The labeled substrate comprises an observable label moiety attached to a nucleotide moiety. The nucleotide moiety is typically a mononucleotide moiety or an oligonucleotide moiety. In particular embodiments, the nucleotide moiety is less than about 100 bases long. In certain embodiments the nucleotide moiety will typically be at least three bases long. In certain embodiments, the nucleotide moiety will be less than 50 bases long, e.g. less than 40 bases long, less than 30 bases long, less than 20 bases long. In some embodiments, the nucleotide moiety will be 1, 2, 3, 4, 5, or 6 bases long. The nucleotide moiety may typically have any desired sequence or even an unknown sequence. In certain embodiments, a plurality of labeled substrates may be used in the same reaction (e.g. a plurality of nucleotide moieties, each having a different sequence, each having an observable label moiety attached), thereby resulting in ligating one of a plurality of nucleotide moieties to each molecule of RNA.
The observable label moiety is a moiety that provides for an observable signal that indicates the presence of the observable label moiety. Typical examples include a chromogenic moiety, a fluorophore, a mass label, a spin label, a radiolabel, or other labels known in the art. In particular embodiments, the observable label moiety is a fluorophore selected from the group consisting of Cy3, Cy5, and an Alexa dye. Further examples of label moieties include any commercially available fluorophores that can be conjugated to mononucleotides or polynucleotides, e.g. dyes from Molecular Probes (Eugene, Oreg. and Leiden, The Netherlands) such as the Alexa Fluor series (example: Alexa 350, Alexa 430, Alexa 532, Alexa 546, Alexa 568, and Alexa 594) and the series of BODIPY conjugates. Other examples include: Tamra, Fluorescein, carboxyfluorescene, JOE, rhodamine, carboxyrhodamine, CY series, Oyster series. More information about commercially available dyes for oligonucleotide conjugation can be found at the website accessed by typing “http://www” followed by “.synthegen.com” in to the address bar of a typical web browser. Any such dyes may potentially be used in accordance with the methods described herein. Although the examples described herein use a fluorophore as the label, it will be apparent to those of ordinary skill that other labels may be used (instead of a fluorophore, or even in addition to a fluorophore). Such labels typically are well known in the art.
The observable label moiety may be attached to the nucleotide moiety at any site of the nucleotide moiety that is compatible with the ligation reaction. In other words, the label moiety should not prevent the ligation reaction, e.g. by interfering with the enzyme having an RNA ligation activity. In certain embodiments, the label moiety may be attached to the nucleotide moiety via the 3′-site at the end of the nucleotide moiety or may be attached at any available “internal” site (i.e. other than the 3′-site or 5′-site) of the nucleotide moiety. The observable label moiety could be incorporated as a special phosphoramidite during the oligoribonucleotide synthesis or as a post-synthetic modification. An example of the phosphoramidite method includes direct coupling of label-containing phosphoramidite during synthesis of the oligonucleotide moiety, or the incorporation of amino-activated phosphoramidite during synthesis of the oligonucleotide moiety, which enables post-synthetic coupling to a desired observable label moiety. In particular embodiments, the observable label moiety is attached to the nucleotide moiety via a linking group, wherein the linking group may be attached to the nucleotide moiety via a 3′ terminus of the nucleotide moiety or any other available site of the nucleotide moiety. The linking group may be any linking group known in the art that does not prevent the ligation reaction (e.g. does not prevent the enzyme having an RNA ligation activity from ligating the RNA and the labeled substrate). Any such linking groups or other means of attachment of the label moiety to the nucleotide moiety known in the art may provide for the labeled substrate.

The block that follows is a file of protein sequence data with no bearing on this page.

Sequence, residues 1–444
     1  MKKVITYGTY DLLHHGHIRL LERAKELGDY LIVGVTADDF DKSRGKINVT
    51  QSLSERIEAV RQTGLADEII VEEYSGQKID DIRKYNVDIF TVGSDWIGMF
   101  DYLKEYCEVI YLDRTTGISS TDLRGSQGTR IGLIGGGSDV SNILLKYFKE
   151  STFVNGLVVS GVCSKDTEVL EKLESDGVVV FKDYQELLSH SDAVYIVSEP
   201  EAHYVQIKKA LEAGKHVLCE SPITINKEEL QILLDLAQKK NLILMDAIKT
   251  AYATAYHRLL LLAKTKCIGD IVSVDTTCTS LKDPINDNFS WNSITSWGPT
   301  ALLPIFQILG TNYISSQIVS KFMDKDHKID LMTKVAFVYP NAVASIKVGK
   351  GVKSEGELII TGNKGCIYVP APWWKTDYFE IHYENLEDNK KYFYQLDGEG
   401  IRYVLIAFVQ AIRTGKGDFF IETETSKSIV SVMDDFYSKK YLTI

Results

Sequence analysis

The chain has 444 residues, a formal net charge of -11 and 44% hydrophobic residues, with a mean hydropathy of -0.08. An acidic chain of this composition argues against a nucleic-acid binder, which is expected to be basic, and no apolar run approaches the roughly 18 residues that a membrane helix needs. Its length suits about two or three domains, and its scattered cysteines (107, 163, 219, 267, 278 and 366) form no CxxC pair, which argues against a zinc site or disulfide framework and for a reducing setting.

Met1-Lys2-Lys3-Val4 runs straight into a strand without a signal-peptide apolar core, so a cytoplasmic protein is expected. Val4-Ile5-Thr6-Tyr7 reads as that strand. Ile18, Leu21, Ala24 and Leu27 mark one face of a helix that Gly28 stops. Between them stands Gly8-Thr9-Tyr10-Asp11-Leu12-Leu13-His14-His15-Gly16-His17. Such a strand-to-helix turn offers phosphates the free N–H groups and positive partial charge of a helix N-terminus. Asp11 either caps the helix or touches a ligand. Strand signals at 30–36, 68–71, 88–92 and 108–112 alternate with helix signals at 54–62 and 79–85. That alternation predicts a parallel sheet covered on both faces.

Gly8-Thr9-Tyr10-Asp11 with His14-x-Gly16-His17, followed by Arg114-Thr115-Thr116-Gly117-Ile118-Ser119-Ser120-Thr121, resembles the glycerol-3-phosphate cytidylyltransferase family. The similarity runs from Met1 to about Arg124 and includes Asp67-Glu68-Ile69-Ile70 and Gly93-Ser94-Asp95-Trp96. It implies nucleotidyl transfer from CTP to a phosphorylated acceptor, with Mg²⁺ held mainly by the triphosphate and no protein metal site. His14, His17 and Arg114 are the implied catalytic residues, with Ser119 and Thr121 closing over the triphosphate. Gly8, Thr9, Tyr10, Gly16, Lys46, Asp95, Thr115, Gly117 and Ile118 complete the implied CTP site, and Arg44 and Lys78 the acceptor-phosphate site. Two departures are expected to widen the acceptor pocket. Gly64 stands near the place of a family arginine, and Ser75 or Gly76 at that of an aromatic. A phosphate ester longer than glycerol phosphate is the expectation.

Thus, in particular embodiments, the labeled substrate has the structure:
An embodiment of a method in accordance with the present invention is illustrated in
In the embodiment illustrated in
In particular embodiments, the enzyme having an RNA ligation activity catalyzes a coupling reaction between a donor molecule having a 5′-phosphate and an acceptor molecule having a 3′-hydroxyl, as shown in the reaction:
In typical embodiments, such as that illustrated in
It should be noted that the general utility of the method is not limited to the particular sequence of steps shown in
With reference to
In some embodiments, the labeled substrate has only one observable label moiety attached to the nucleotide moiety. In such embodiments, the labeled RNA will consist essentially of RNA labeled with a single label moiety (i.e. each labeled RNA molecule will have only one observable label moiety attached—referenced herein as “singly-labeled RNA”). This potentially provides increased ease of use in quantitative methods using the labeled RNA.